Counting That Kiva Green

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The microlending lo-down.

By Elliot Owen
Ui Culture

So you want to start a business, but like many entrepreneurs, don’t have the means to get it off the ground. We all know the development of great ideas into self-sustaining hustles takes time and money, but what is lesser known is how to reel in enough resources to get the ball rolling.

Here’s the thing: if you’ve got the time, Kiva, an international microfinancing nonprofit, can help you with the money

The 11-year-old San Francisco-based lending organization uses a relatively simple lending model. A borrower applies for a loan – the loan is underwritten and approved – the loan’s details are uploaded to Kiva for editing – the loan is posted to Kiva’s website where lenders crowdfund the loan in amounts of $25 and up.

“I couldn’t believe how hands-off it was,” Renee Geesler, co-founder of Oakland-based Mamacitas Cafe told Ui Culture. Last year, when Geesler and Shana Lancaster, the cafe’s other co-founder, contacted Kiva, they had a business plan in hand. Kiva worked with them to write a loan and within three months, they’d secured $10,000 for their small business.

“We’d gone to banks,” Geesler said.

Banks and other community lending institutions make it hard to get money. There’s so much red tape to get through. Kiva provides loans to businesses that don’t have access to conventional loans.

Geesler and Lancaster used their loan to scale their business from a small pop-up, to one with a semi-permanent location and expanded catering capabilities.

“Kiva made it really easy,” Geesler said.

Hailed as the first person-to-person microloan website, Kiva lets lenders, people like you and I, browse the profiles of entrepreneurs all over the world until something sparks our interest.

Maybe it’s a small business offering a unique service you would use, or a fellow artisan working in your same field except in another country, or even someone who needs house repairs done to fix damage caused by civil unrest in their region. If a borrower can express a need, Kiva makes sure you can meet it.

Most recently, Kiva celebrated the ‘Summer Games’ in Rio by highlighting loans from “28 Kiva countries that have yet to win a medal.” Lenders clicked through borrower profiles from Palestine, Mali, Bolivia, Samoa, and more to help fund loans that make direct and immediate impact.

A Palestinian student’s university tuition, a Sierra Leonean women’s entrepreneur group looking to re-stock body care supplies to sell, and a Bolivian farmer’s corn harvest costs are just three loans featured in the ‘Summer Games’ section.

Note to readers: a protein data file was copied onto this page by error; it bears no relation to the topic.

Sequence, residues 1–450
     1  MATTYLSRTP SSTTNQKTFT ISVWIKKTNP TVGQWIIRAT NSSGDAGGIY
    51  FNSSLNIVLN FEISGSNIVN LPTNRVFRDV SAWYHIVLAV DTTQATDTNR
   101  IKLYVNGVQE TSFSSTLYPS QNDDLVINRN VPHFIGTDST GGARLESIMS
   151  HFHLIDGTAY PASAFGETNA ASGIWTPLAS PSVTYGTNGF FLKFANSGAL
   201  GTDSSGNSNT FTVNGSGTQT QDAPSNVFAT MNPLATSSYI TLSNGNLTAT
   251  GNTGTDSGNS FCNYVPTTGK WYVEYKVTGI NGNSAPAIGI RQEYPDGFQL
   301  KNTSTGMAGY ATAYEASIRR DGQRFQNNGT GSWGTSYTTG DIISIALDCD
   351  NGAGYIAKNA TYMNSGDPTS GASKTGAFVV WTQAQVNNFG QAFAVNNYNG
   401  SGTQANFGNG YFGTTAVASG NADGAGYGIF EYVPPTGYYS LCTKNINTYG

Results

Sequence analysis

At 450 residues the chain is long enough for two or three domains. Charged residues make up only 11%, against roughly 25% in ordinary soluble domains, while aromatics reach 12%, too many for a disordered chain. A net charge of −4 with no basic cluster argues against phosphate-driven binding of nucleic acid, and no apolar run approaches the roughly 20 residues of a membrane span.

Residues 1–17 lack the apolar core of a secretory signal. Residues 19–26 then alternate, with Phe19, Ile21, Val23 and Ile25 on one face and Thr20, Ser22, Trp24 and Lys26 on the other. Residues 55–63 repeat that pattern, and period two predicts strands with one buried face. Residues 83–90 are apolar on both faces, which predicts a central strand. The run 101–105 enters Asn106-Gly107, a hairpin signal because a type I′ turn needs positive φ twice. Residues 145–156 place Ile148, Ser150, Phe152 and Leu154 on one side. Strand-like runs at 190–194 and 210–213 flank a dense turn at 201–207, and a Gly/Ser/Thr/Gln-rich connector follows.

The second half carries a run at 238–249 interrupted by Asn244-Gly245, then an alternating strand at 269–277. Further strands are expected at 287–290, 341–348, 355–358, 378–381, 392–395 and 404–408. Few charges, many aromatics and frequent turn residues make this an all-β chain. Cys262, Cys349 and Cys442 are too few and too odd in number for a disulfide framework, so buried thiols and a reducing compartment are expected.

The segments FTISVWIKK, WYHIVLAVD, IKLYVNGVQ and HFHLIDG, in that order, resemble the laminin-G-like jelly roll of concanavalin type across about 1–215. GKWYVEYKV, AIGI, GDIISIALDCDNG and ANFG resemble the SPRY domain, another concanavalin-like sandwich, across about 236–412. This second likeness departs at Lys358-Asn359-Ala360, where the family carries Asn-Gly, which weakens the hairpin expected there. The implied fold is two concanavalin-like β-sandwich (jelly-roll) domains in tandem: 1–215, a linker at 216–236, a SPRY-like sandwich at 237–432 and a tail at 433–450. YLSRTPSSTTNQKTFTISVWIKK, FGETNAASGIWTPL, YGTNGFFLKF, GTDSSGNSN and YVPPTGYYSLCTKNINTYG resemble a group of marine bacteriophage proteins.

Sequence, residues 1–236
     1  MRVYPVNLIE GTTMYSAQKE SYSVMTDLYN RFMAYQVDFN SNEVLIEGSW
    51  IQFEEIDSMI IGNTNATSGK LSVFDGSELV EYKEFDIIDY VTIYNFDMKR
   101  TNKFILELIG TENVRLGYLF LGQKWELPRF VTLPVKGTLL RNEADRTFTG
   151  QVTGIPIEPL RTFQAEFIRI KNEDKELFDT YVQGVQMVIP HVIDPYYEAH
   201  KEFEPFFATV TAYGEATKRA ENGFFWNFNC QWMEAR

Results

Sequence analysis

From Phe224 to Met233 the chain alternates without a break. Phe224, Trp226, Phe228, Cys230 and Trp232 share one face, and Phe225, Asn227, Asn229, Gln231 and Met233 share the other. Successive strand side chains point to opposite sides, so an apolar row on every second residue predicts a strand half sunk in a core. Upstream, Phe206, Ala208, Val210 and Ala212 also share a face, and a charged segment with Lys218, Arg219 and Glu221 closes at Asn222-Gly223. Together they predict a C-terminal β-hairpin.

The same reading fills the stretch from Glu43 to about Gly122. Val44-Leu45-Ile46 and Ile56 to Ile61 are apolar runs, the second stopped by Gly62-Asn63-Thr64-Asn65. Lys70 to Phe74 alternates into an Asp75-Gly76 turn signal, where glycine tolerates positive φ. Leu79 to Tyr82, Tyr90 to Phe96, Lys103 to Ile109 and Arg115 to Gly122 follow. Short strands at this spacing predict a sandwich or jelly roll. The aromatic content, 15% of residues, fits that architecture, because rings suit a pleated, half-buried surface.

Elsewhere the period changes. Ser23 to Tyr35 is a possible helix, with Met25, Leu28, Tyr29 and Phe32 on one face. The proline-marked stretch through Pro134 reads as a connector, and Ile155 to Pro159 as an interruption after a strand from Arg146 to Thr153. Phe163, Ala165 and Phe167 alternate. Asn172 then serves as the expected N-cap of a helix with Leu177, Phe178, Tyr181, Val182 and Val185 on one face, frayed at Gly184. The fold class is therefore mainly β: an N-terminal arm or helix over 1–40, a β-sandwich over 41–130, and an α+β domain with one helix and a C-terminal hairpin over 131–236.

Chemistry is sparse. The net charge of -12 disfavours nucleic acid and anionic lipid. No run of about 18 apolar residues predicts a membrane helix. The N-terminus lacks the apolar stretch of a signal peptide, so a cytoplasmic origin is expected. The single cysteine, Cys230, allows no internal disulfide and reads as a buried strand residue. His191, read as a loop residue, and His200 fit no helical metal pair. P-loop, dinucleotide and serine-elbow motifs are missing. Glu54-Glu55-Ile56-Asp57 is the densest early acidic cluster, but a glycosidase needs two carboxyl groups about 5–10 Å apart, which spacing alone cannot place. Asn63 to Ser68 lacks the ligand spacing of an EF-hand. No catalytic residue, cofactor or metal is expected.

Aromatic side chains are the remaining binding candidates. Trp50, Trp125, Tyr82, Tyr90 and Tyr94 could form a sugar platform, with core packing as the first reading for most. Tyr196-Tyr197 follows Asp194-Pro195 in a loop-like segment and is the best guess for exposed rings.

A few U.S. Kiva loans up right now include a former stage actress in New York looking to start a special needs child care business, a Kansas City entrepreneur looking to buy supplies for a community garden, and a California comic book fan trying to secure the funds necessary to turn a character design into an actual children’s toy.

Every penny lent goes to the borrower, too; Kiva gets no cut. The nonprofit also forgoes charging borrowers interest or fees on their loans in 80 of the 83 countries it currently operates in. To date, over $880 million has been lent to borrowers through the platform.

“Neither Kiva nor Kiva lenders make any money from the loans they facilitate,” Kiva’s president, Premal Shah, told The Guardian.

Because of this, Kiva is able to partner with groups based on social motive, rather than profit motive.

Geesler verified that motive. Mamacitas Cafe is a mission-based establishment that hires and trains young women, mostly of color, to work at the business. Geesler said their Kiva loan process was so easy in part because Kiva shares their socially-conscious values.

“Kiva and Mamacitas Cafe are in alignment in that way,” Geesler said. “Not only does Kiva provide those funds, they’re supportive of like-minded businesses, which is an added benefit.”

If you’re a lender, the next step after contributing to a project is waiting for your loan to get reimbursed which, if you’re wondering, happens 97.1 percent of the time — higher than most commercial banks in the U.S.

After repayment, instead of pocketing the money, most lenders are already looking for another Kiva loan to support, keeping the circular motion of funds intact.

“It’s a neat way to sustain momentum and re-lend to other businesses,” Geesler said.

If a Kiva loan fails to fully fund within a 30-day period, contributing lenders receive their money back and Kiva uses company reserves to pay for the loan. Like most nonprofits, Kiva sustains itself through individual donations (which are tax deductible), and grants and donations from foundations.

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